What is a DAC?

Acumatica is developed on C# code in Microsoft’s .NET Framework. If you are just getting started and have no idea how to program in C#, you should stop here for a couple of weeks and learn the basics of C#. Fortunately, Microsoft has some training courses available. Try these 2 to get started, but you can find tons of other resources online if these don’t help your particular learning style.

  • https://docs.microsoft.com/en-us/dotnet/csharp/tutorials/
  • https://channel9.msdn.com/Series/CSharp-Fundamentals-for-Absolute-Beginners

As an Acumatica developer, you will spend most of your time writing classes and methods, the building blocks of C#. The data component which is the core of an ERP system is referred to as a DAC while the business logic is referred to as a Graph… both of which are C# classes when you boil it down to basics. DAC is short for Data Access Class, which is today’s topic.

I’m sure I’ll cover more parts of the DAC in later posts as you’d hate me if I made you read it all in a single post. You’d be here forever the way I drag it out! But let’s keep it simple for today. Let’s look at the very basic building blocks of a DAC in Acumatica.

Sample DAC – MyExampleDAC

In the example above, the DAC called MyExampleDAC contains a single field called MyID. To add more fields, you just add more sections like the one shown from rows 11-16. Of course, the contents of those rows will be quite different based on the data type and more advanced features we won’t discuss today. For now, let’s look at the basic breakdown of the DAC.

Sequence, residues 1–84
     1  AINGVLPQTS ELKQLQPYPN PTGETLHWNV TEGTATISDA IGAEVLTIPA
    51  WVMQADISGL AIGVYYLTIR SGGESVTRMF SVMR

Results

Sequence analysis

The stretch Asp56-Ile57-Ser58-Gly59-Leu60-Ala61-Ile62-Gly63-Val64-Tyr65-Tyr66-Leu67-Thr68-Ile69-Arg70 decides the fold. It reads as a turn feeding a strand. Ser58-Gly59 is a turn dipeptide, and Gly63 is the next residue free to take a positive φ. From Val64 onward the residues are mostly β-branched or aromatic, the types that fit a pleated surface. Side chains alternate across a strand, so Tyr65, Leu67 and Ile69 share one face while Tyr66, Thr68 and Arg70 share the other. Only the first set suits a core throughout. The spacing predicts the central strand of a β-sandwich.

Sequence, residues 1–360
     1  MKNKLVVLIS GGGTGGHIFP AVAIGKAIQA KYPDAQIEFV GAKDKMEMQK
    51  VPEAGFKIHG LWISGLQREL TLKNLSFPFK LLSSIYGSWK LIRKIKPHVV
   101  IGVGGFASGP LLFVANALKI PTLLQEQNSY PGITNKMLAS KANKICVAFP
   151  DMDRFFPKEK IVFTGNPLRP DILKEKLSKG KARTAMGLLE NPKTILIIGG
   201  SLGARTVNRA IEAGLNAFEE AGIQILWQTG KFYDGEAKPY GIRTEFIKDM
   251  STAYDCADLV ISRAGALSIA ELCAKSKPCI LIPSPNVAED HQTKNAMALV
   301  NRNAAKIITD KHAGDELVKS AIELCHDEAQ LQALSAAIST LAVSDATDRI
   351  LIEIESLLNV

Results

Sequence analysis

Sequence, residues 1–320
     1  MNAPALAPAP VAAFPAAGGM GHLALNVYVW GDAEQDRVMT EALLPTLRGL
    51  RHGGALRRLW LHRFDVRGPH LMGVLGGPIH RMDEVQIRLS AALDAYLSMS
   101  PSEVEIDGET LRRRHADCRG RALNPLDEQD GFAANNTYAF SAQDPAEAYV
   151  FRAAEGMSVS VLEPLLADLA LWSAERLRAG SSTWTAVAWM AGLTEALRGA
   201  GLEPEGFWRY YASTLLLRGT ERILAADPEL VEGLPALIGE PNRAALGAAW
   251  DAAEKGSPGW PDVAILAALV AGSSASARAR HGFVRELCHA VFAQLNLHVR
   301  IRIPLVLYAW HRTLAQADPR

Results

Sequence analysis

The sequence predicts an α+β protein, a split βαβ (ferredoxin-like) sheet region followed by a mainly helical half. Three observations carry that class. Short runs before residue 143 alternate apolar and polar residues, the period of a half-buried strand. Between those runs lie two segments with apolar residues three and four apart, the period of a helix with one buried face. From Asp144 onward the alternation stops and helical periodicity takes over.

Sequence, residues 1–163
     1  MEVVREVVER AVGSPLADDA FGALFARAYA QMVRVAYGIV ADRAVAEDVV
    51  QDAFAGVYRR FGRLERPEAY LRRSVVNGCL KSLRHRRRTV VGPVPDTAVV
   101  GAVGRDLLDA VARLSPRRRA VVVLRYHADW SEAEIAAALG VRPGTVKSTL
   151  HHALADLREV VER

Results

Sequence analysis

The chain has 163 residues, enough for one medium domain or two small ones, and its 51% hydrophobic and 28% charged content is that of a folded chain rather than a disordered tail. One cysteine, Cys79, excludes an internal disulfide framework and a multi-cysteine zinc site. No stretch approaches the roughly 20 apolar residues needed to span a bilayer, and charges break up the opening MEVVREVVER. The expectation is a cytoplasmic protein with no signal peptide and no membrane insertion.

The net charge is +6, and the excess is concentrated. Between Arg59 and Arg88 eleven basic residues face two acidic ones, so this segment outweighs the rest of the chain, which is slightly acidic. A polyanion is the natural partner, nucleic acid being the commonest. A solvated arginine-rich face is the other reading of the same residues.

Lines 1 and 2 import other classes for easy reference in our code. Line 4 defines the namespace for our class as MYDAC.Example. Remember, the DAC is a data access CLASS, so in some regards, this is just another class as far as C# is concerned. Lines 5 & 18 as well as 10 & 17 define a block of code. In the case of the braces at line 5, the entire DAC is contained within the braces saying that all the code contained is in the same namespace. The braces at line 10 indicate that all the code contained is in the same class. As you can see inside line 15, we will define another class inside the MyExampleDAC, and the braces scope (or determine the life and existence of) the inner class.

Lines 6, 7, 8, 12, and 13 are all Attributes. For now, let’s just leave it that attributes are more code defined later that can be used to describe something and modify the behavior of the thing it describes. At this stage, it’s better to just accept that you need certain Attributes in certain places.

Line 6 explains that the default business logic for the data described by this DAC is found in the graph MyDACMaint. To keep it simple, just know that if you try to access this DAC inside of Acumatica, this will tell the system that the natural place to view and maintain it is the MyDACMaint graph. The graph is specified when you build a screen in Acumatica, but again… just go with it for now if you don’t understand.

Line 7 gives a “pretty name” to the DAC. There are places in Acumatica where the system will tell you what the DAC is, and sometimes it is nicer to communicate that as “My Example DAC” rather than “MyExampleDAC”. Notice the spaces?